It’s not safe to go in the water but people keep doing it!

Now, you may be thinking that it sounds like I’m describing the plot of Jaws but actually, I’m talking about an Italian film called Tentacles.  Released in 1977, Tentacles was one of the many films that was directly inspired by the success of Spielberg’s film.  Jaws was such a phenomenal success that it was ripped off by filmmakers across the world.  That said, of all the people ripping off Spielberg’s film, the Italians brought an undeniable and frequently shameless flair to the Jaws knockoffs.

Tentacles is a bit different from other Italian Jaws films in that, this time, the threat does not come from a shark.  Instead, it comes from a giant octopus!  That’s actually a pretty good twist because, in real life, an octopus is actually more dangerous than a shark.  Not only are they bigger and considerably smarter than most sharks but if they get enough of their eight arms around you, they can literally squeeze you to death!  I mean …. agck!  Say what you will about sharks, I imagine getting eaten by one would suck but at least it wouldn’t take long to die.  Whereas if an octopus gets you, you would actually be aware of it squeezing you to death and oh my God, I’m never getting in the water.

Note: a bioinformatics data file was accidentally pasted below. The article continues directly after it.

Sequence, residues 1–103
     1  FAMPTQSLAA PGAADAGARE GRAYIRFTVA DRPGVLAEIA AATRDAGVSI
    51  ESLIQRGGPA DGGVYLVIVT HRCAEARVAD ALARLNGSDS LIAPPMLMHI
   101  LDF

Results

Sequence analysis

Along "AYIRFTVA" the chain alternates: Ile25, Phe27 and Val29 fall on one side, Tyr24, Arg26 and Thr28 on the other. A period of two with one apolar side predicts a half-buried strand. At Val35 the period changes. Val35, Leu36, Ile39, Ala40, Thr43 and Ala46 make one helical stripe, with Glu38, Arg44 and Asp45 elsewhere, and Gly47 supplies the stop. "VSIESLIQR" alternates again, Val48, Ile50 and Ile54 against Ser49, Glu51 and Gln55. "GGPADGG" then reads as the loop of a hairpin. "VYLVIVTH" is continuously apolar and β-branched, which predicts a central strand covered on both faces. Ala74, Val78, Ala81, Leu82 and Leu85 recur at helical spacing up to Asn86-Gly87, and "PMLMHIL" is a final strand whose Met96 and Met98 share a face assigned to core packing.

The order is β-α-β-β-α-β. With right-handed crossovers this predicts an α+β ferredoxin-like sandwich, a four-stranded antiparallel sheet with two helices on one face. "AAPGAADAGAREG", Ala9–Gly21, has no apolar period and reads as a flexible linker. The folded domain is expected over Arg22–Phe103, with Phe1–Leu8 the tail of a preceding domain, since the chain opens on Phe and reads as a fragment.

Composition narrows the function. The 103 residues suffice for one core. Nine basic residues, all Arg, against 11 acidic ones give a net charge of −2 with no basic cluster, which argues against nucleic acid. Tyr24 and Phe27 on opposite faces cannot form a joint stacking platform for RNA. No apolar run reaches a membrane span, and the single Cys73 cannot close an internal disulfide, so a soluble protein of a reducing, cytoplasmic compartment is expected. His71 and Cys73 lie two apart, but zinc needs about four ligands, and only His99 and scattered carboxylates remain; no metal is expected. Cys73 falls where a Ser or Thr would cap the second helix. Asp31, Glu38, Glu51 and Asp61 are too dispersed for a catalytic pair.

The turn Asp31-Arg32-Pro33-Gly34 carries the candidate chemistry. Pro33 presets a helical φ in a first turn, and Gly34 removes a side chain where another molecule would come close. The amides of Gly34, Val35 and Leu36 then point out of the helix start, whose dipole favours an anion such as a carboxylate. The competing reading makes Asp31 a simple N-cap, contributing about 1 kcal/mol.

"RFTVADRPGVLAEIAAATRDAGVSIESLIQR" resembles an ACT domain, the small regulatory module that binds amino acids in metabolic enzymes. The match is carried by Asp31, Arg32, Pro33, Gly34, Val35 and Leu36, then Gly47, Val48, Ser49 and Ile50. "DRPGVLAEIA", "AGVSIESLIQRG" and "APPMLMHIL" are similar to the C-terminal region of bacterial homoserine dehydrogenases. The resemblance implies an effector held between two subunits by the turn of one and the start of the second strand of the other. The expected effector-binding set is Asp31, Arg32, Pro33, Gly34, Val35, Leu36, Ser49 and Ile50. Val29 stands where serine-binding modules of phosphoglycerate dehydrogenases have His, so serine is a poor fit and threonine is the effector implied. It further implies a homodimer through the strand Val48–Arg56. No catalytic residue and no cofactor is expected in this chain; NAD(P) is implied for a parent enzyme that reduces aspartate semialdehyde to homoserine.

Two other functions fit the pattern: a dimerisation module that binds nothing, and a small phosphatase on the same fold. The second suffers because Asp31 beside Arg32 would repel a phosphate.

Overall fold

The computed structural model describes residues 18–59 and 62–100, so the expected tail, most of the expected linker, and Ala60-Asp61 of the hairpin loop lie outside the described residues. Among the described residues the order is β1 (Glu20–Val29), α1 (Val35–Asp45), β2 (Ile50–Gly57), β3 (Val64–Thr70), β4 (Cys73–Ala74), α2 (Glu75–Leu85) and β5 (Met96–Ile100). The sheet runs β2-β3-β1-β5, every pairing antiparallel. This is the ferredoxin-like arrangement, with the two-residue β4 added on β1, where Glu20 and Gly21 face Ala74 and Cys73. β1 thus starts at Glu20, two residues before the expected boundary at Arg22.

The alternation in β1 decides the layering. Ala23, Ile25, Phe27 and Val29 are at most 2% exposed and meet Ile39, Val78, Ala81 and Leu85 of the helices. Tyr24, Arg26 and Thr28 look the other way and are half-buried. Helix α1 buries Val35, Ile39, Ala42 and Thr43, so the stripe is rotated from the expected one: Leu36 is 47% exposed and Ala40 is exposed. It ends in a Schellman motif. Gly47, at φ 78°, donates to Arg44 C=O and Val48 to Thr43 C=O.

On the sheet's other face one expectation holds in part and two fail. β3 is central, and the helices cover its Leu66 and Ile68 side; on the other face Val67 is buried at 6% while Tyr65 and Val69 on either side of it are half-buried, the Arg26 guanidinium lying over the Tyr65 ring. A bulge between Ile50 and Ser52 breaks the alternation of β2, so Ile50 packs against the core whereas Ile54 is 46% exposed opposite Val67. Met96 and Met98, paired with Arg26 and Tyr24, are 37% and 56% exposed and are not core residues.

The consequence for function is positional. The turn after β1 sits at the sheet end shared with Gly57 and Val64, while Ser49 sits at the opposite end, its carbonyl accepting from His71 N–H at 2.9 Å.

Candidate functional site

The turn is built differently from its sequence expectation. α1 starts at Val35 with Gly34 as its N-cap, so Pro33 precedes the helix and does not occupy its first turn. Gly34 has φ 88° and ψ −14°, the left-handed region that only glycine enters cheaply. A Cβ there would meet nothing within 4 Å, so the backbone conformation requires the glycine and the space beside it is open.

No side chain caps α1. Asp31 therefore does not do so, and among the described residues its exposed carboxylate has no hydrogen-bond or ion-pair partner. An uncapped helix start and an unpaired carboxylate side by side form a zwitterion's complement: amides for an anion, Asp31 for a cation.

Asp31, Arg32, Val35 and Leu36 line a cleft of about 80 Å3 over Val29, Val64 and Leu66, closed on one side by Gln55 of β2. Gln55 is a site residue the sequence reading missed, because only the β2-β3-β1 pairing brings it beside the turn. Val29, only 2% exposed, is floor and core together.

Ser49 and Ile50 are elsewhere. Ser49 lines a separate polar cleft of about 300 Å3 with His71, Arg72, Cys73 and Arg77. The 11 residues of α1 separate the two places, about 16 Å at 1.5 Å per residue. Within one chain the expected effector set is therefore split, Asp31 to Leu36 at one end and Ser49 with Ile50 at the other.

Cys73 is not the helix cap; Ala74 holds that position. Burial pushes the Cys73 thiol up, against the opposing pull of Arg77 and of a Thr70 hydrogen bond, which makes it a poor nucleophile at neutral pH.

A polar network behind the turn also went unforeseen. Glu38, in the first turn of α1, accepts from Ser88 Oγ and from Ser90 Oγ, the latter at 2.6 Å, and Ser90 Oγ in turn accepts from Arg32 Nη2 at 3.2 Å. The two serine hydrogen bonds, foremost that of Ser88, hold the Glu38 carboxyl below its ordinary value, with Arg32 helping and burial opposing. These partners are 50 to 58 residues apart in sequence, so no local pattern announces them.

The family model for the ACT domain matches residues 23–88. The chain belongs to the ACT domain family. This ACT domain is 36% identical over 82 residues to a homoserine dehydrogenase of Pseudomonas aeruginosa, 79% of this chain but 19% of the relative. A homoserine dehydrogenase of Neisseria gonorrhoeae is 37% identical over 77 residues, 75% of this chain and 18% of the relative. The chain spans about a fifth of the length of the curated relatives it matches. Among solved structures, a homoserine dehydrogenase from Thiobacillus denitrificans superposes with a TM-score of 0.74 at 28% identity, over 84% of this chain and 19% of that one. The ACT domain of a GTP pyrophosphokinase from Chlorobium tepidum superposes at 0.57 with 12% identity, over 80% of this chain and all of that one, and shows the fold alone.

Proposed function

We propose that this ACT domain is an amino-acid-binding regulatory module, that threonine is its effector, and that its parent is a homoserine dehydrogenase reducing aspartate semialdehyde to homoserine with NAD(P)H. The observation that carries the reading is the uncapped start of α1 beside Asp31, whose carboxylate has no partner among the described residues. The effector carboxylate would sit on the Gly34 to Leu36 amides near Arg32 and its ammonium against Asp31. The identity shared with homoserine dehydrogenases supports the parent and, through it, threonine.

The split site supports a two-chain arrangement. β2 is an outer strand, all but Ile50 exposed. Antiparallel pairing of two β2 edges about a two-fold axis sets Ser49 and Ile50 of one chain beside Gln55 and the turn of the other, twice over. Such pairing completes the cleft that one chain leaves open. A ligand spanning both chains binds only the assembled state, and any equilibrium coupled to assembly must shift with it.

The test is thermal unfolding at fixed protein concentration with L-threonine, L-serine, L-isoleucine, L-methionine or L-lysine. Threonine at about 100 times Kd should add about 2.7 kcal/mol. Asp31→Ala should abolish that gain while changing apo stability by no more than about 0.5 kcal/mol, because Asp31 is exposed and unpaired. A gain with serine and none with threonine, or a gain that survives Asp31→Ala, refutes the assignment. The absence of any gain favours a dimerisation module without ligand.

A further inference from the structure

Anyway, in Tentacles, the octopus is snatching babies off of piers and sailors off of boats and it’s using its octopus powers to rip their skin from their bones.  It also attack scuba divers by firing ink at them.  The sheriff (Claude Akins) says that it’s nothing to worry about but Ned Turner (John Huston), a hard-boiled reporter, thinks that there’s a story here.  Ned’s in town visiting his sister (Shelley Winters).  She has a ten year-old son who enjoys sailing.  Uh-oh….

Henry Fonda shows up for a few very brief scenes, playing the head of a company that built the underwater tunnel that somehow mutated the octopus.  Fonda looks incredibly frail in his scenes (and apparently, he filmed his part while recovering from heart surgery) but his performance in Tentacles still isn’t as cringe-inducing as his performance in The Swarm.

Also showing up is a marine biologist named Will Gleason (Bo Hokpkins).  Fortunately, Gleason owns two killer whales so, after the octopus kills his wife, Gleason sends out the orcas to track it down.  Before doing so, he gives them a pep talk.  Apparently, killer whales respond to positive reinforcement.